FHRP – First hop redundancy protocol
is a computer networking protocol which is designed to protect the default gateway used on a sub network by allowing two or more routers to provide backup for that address; in the event of failure of the/an active router, the backup router will take over the address, usually within a few seconds. In practice, such protocols can also be used to protect other services operating on a single IP address, not just routers.
HSRP is a Cisco-proprietary protocol developed to allow several routers (or multilayer switches) to appear as a single gateway address. Basically, each of the routers that provides redundancy for a given gateway address is assigned to a common HSRP group. One router is elected as the primary, or active, HSRP router, another is elected as the standby HSRP router, and all the others remain in the listen HSRP state. The routers exchange HSRP hello messages at regular intervals, so they can remain aware of each other’s existence, as well as that of the active router.
HSRP election is based on a priority value (0 to 255) that is configured on each router in the group. By default, the priority is 100. The router with the highest priority value (255 is highest) becomes the active router for the group. If all router priorities are equal or set to the default value, the router with the highest IP address on the HSRP interface becomes the active router .When HSRP is configured on an interface, the router progresses through a series of states before becoming active. The HSRP state sequence is Disabled, Init, Listen, Speak, Standby, and, finally, Active. Normally, after the active router fails and the standby becomes active, the original active router cannot immediately become active when it is restored. In other words, if a router is not already active, it cannot become active until the current active router fails—even if its priority is higher than the active router. An interesting case is when routers are just being powered up or added to a network. The first router to bring its interface up becomes the HSRP active router, even if it has the lowest priority of all.
Each router in an HSRP group has its own unique IP address assigned to an interface. In addition, each router has a common gateway IP address, the virtual router address that is kept alive by HSRP. Clients can point to that virtual router address as their default gateway, knowing that a router always keeps that
Address active. Actual interface address and the virtual (standby) address must be configured to be in the same IP subnet.
The Virtual Router Redundancy Protocol (VRRP) is a standards-based alternative to HSRP. VRRP is so similar to HSRP; you only need to learn slightly different terminology and a couple of slight functional differences. VRRP provides one redundant gateway address from a group of routers. The active router is called the master router, while all others are in the backup state. The master router is the one with the highest router priority in the VRRP group. VRRP group numbers range from 0 to 255; router priorities range from 1 to 254 (254 is the highest; 100 is the default. The virtual router MAC address is of the form 0000.5e00.01xx, where xx is a two-digit hex VRRP group number. VRRP advertisements are sent at 1-second intervals. Backup routers can optionally learn the advertisement interval from the master router. By default, all VRRP routers are configured to preempt the current master router, if their priorities are greater. VRRP has no mechanism for tracking interfaces to allow more capable routers to take over the master role.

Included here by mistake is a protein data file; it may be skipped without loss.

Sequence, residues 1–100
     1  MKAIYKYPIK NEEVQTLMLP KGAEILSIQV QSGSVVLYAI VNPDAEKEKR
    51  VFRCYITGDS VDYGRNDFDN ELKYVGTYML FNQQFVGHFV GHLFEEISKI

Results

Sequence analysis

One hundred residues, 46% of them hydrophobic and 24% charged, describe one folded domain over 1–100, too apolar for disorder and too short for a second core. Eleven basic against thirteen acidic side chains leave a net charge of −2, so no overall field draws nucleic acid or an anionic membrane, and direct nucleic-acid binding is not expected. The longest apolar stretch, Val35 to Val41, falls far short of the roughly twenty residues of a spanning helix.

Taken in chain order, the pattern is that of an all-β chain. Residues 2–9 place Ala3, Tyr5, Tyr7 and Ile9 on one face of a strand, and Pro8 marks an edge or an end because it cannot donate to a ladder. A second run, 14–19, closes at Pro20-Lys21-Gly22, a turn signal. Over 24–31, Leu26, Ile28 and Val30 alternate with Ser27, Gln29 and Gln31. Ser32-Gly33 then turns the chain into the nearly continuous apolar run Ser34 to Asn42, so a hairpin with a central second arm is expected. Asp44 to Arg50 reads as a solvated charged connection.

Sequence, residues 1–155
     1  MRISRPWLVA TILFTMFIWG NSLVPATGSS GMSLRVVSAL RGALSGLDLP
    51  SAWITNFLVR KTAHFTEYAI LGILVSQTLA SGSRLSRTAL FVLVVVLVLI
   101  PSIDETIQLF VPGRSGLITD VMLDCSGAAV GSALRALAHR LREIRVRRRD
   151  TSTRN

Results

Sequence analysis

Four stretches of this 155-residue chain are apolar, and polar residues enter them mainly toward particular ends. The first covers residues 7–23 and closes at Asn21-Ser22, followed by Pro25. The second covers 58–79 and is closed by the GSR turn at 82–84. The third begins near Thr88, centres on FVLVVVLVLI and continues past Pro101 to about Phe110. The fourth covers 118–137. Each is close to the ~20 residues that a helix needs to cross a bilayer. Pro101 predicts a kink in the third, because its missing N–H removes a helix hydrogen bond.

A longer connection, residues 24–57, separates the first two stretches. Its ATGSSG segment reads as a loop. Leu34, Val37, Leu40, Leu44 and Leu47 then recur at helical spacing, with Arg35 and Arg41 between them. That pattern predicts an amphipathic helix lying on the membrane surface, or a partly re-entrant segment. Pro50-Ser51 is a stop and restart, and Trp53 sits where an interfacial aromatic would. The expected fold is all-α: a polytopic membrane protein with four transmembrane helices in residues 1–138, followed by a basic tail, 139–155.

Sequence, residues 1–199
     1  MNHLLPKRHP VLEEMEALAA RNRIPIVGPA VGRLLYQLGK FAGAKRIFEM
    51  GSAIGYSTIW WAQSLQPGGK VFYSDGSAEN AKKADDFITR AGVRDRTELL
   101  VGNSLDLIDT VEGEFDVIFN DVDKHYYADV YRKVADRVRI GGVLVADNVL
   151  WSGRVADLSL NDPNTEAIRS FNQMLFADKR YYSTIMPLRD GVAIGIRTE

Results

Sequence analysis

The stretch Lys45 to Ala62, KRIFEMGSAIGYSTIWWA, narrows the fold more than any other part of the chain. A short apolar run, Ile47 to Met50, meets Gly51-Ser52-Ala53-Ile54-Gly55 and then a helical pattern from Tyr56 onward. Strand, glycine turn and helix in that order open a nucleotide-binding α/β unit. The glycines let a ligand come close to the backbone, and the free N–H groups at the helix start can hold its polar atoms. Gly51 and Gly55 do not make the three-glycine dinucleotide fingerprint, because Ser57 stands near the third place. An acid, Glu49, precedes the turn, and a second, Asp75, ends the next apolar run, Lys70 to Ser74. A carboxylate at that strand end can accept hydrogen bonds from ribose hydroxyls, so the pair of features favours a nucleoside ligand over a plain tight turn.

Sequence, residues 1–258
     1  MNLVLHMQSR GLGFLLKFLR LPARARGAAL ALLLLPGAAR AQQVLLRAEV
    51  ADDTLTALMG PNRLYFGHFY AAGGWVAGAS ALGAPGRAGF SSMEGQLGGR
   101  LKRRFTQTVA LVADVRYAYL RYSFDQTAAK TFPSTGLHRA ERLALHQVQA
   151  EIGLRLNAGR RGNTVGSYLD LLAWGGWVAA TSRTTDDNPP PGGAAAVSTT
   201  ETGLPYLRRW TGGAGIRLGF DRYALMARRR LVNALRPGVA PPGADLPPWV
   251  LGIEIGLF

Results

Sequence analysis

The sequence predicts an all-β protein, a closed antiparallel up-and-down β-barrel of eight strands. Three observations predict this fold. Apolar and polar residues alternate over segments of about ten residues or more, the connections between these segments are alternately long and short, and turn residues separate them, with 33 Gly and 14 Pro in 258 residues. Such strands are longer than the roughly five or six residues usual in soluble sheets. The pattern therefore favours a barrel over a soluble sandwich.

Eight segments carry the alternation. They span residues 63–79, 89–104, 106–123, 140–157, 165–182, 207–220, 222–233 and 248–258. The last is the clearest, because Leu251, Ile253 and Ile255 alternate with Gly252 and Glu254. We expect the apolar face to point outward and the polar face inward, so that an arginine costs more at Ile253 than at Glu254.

GLBP better known as Gateway Load Balancing Protocol (GBLP) is a Cisco proprietary protocol especially designed to overcome the limitations of Hot Standby Routing Protocol (HSRP) and Virtual Router Redundancy Protocol (VRRP). The added feature to Gateway Load Balancing Protocol (GLBP) is it can load balance between the gateways where as in HSRP and VRRP, the standby routers are configured for redundancy and act as standby only and become active only when the active router fails.
The Gateway Load Balancing Protocol (GLBP) provides load balancing over multiple routers (gateways) using a single virtual IP address and multiple virtual MAC addresses. The forwarding load is shared among all routers in a GLBP group rather than being handled by a single router while the other routers stand idle. Each host is configured with the same virtual IP address, and all routers in the virtual router group participate in forwarding packets. GLBP members communicate between each other through hello messages sent every 3 seconds to the multicast address 220.127.116.11, User Datagram Protocol (UDP) port 3222 (source and destination).
The Gateway Load Balancing Protocol (GLBP) elects one router as active virtual gateway (AVG) based on highest priority value or highest IP address in the group, if there is no highest priority. The active virtual gateway (AVG) to respond to ARP requests sent to the virtual gateway IP address replying different virtual MAC addresses depends on which load-balancing algorithm is configured.
All routers participating in GLBP group gets the necessary virtual MAC addresses from the active virtual gateway (AVG). Up to four virtual MAC addresses can be used in any group. Each of these routers is referred to as an active virtual forwarder (AVF), forwarding traffic received on its virtual MAC address. Other routers in the group serve as backup or secondary virtual forwarders, in case the AVF fails.